This is an excerpt from Ed Grinde’s new book Leveraging Lean with Lean Quoting, now available on amazon.com.
This is the third and final article on developing a new lean quoting process. In the first two articles I discussed (1) the need for a lean quoting process and (2) the part of the process that moves most quotes quickly through to completion. This last article talks about what happens to the few that fail a filter and must go to the daily opportunity review process. Those are the orange boxes below.
As shown in the flow chart above, any quote that fails a filter due to capability, capacity, material content, or strategic direction will go to the daily opportunity review boards. This is a meeting at a location set up to have all functions of the value stream come together to discuss these quote opportunities that will drive the sales, and profits, of the value stream to a higher level by using lean accounting to take advantage of the gains you have made with your lean improvements.
This meeting needs to be a priority for all concerned, and this is not a meeting for just the quote team. You want to have people representing the plant floor, the quote team, value stream engineering, the value stream leader, accounting, sales representatives, and occasional visits from the general manager, marketing, and continuous improvement. At this meeting key and/or large quoting opportunities will be discussed as a team and the decisions made will be by the team.
The purpose for this cross-functional team is 3-fold. First is that when it comes to these key quotes you want to hear all functions concerns/issues, if any, about the quote. Next, with all functions regularly attending these meetings you can get most answers right there at the meeting that the quote team would previously have to wait hours if not days/weeks to get an answer. Lastly, this is a great learning opportunity for all attendees. They will learn more about the overall business and will make better decisions in the future with what they learn at this meeting.
What this standup meeting setup could look like is shown below.
|The key reason for a stand-up meeting is that you want the meeting to be fast and focused. If you allow folks to sit down it will make it easier for people to have side conversations and become a distraction to the meeting.|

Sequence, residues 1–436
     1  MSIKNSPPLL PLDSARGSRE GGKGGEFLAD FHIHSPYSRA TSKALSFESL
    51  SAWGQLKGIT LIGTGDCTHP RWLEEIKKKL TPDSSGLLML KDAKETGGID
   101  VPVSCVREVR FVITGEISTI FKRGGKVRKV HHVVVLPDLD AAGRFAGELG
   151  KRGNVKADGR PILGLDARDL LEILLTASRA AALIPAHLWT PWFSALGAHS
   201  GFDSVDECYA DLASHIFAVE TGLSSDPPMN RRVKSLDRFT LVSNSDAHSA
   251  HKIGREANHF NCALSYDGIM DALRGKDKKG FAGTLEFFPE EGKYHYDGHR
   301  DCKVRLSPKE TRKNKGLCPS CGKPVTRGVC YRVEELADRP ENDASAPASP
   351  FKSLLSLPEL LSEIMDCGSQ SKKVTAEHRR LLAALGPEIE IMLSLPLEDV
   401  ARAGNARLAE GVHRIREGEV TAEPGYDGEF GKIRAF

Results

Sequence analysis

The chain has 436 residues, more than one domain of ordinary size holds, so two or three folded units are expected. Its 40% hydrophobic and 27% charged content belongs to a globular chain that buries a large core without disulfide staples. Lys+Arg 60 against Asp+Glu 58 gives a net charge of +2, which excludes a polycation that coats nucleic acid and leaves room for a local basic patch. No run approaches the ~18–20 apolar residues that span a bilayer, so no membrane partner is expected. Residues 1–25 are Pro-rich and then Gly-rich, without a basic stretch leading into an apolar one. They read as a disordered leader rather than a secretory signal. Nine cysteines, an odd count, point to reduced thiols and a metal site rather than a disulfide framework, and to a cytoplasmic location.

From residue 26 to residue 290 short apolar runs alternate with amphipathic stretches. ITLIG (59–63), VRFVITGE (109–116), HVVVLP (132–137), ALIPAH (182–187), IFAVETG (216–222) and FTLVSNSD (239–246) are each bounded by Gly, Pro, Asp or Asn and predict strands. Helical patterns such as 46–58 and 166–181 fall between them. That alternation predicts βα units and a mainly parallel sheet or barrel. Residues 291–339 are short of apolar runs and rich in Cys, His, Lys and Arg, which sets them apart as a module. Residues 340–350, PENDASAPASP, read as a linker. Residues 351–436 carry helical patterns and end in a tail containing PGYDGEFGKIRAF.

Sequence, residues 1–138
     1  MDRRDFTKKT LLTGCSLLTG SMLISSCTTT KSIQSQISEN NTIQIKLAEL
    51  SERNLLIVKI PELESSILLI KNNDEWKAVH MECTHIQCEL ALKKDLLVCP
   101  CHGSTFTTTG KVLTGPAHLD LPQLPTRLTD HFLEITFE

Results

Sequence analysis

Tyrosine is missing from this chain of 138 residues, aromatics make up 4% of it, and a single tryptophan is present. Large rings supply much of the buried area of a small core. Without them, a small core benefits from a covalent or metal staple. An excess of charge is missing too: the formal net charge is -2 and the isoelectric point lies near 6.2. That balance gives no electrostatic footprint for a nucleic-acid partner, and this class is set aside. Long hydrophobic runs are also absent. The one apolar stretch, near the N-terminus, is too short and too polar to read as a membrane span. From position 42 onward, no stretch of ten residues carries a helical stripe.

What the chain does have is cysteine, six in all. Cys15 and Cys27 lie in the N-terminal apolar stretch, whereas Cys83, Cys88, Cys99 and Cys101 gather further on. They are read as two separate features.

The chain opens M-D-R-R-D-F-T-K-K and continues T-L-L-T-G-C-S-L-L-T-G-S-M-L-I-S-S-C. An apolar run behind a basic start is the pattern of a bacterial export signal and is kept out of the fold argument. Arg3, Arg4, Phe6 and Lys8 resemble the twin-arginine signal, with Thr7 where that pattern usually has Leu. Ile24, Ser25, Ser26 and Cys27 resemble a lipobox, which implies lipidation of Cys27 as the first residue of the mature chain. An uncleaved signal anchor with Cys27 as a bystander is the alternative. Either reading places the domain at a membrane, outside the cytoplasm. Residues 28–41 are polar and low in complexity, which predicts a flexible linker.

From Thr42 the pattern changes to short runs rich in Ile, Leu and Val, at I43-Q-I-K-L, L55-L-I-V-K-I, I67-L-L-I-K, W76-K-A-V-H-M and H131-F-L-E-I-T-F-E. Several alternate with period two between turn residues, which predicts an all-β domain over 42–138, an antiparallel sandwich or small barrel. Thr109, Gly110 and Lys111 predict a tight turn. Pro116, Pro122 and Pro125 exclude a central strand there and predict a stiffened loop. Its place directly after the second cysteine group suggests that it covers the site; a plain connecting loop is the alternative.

Note that there are 4 boards. They are the Current Opportunities, Financial Impact, Key Opportunities Quoted Status, and the Opportunity Gap Board. Also, of interest is that this should be a stand-up meeting, ADA considerations notwithstanding. At the start it will be best if the value stream leader runs the meeting, but after everyone is comfortable with the process you should encourage others to take turns running the meeting.
How the boards work is as follows:
- The Current Opportunities Board will have all quotes that failed a filter and the final disposition has not been made. There will be key data about the job being quoted, action items assigned with due dates, and any other pertinent comments. After deciding to quote or not quote, you take the opportunity off the board.
- The Financial Impact Board is where you will review how large opportunities will impact the value stream profits using lean accounting. It will contain the lean P&L for the value stream in question, other value streams, and the plant P&L. It will also show non-financial data to consider such as impact to inventory, is there a quality concern, and will it affect your value stream capacity.
- The Key Opportunities Quoted Board will be used to track the jobs you decided to quote and will stay there until the job is won or lost. Once a job is either won or lost you take it off this board.
- The Opportunity Gap Board is where you will document jobs you passed on because you were lacking either the capability or capacity to do the job. You will use this board in your annual or semi-annual value stream assessment to see where you can expand your core competencies and what the potential sales level could be. It also helps marketing see where new opportunities may lie.
The first few meetings will be a bit awkward because most of these participants are not used to be asked their thoughts and opinions on future business opportunities. But as you continue with these daily meetings, and encourage active participation, they will become more comfortable with the process and start interjecting their thoughts and opinions.